Sustainable & Green: The Color of Money - InformationWeek
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9/30/2009
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Sustainable & Green: The Color of Money

Having worked with an organization that got good press for saving money through an automated PC shutdown program, I've fielded a lot of questions from IT managers looking to make sustainability and green moves. I can consolidate my advice on the topic into two short points: First, remember that green is the color of money. Second, overseed.

Having worked with an organization that got good press for saving money through an automated PC shutdown program, I've fielded a lot of questions from IT managers looking to make sustainability and green moves. I can consolidate my advice on the topic into two short points: First, remember that green is the color of money. Second, overseed.I've worked with a sustainability professional that has no roots in IT or finance, and I can tell you, good ones understand that money doesn't, well, grow on trees. And a sustainability program that focuses on dollar savings will have significantly more credibility with those humorless folks in finance and budget. After all, what is sustainability about? It's about conserving resources. What are resources? Ultimately, all we have is time and money. When you save time for people in the organization, you're ultimately saving money. When you save money for the organization, that makes those aforementioned finance and budget folks want to finance more green and sustainable activities. Which is, in a word, a sustainable way to approach your green programming.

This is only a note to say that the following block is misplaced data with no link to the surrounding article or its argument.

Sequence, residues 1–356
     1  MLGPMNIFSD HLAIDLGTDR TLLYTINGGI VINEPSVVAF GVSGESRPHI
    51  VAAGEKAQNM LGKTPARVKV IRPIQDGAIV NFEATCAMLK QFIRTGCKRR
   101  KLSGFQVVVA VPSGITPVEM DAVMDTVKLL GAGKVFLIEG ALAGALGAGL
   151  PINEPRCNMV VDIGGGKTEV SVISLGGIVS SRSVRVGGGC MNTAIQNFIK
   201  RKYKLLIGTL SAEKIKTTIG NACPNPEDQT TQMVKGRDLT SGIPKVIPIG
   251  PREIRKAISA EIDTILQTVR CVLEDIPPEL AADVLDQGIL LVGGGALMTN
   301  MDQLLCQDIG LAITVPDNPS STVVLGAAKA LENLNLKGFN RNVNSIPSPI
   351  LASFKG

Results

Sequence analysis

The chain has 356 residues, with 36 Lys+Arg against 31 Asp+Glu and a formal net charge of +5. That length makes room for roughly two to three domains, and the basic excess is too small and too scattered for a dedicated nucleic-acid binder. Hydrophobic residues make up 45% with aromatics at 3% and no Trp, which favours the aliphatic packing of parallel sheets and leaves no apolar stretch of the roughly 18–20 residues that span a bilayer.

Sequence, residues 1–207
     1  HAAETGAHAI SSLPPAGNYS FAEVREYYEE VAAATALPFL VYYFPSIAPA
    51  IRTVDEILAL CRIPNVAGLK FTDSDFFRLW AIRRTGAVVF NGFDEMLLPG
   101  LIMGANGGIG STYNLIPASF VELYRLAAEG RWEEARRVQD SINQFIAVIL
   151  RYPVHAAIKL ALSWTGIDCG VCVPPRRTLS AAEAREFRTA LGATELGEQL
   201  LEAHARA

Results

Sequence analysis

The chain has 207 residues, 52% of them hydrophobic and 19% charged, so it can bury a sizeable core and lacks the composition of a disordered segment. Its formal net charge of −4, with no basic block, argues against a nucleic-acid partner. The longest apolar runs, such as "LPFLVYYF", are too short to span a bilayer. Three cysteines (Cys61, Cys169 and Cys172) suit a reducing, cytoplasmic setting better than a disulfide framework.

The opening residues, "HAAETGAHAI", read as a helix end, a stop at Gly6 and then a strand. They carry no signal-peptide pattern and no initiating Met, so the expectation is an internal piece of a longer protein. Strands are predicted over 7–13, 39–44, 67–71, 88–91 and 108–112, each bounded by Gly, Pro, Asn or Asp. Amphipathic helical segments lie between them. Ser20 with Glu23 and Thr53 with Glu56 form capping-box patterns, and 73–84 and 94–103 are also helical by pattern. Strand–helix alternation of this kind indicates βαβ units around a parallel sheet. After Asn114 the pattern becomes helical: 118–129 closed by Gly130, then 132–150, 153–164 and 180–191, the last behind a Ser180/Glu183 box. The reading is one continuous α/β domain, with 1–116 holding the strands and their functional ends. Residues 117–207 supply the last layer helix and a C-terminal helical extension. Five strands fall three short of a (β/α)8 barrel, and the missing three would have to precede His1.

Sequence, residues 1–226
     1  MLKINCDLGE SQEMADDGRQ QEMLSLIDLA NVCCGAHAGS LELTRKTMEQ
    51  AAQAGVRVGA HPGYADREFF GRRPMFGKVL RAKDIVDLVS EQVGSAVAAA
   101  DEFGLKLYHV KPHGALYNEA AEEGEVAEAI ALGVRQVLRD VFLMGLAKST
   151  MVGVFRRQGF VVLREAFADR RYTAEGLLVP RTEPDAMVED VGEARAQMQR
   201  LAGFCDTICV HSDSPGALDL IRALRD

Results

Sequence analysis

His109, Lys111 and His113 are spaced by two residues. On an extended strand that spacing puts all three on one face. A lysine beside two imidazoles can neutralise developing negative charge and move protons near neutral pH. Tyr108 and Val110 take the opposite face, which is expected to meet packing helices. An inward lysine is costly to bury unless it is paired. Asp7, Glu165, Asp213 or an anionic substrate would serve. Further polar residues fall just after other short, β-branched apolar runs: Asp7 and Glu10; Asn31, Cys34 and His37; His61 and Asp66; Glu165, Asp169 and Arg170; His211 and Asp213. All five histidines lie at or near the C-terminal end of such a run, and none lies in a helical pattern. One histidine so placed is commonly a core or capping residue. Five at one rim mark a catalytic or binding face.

When I get asked about PC shutdown programs, I honestly reply that this is just one aspect of systems management efficiency programs that I've worked on. It's a good idea not to put all of your eggs in one basket, because not everything you do in the systems management space is going to be a substantial home run. But if you "overseed" -- that is, invest in a broad and integrated portfolio of systems management tools -- you are more likely to have green success with one of them.

Tempted to cobble together free tools by surrounding them with home-brewed scripts? Been there, done that, found it's penny-wise, pound-foolish in many cases. "Please consider the environment before creating carbon footprint surrounding your write-once, use-once scripts."

There are lots of management appliances and software packages out there. Don't pick one just because it does PC shutdown in a particularly sexy way. Pick something that makes sense for your organization in the long run; remote control and remote software deployment contribute to sustainability and carbon footprint just as much as PC shutdown does, and the money saved is just as green. Think creatively!

Jonathan Feldman is an InformationWeek Analytics contributor who works with IT governance in North Carolina. Comment here or write to him at jf@feldman.org or @_jfeldman on Twitter.

Read more about IT governance at governance.informationweek.com

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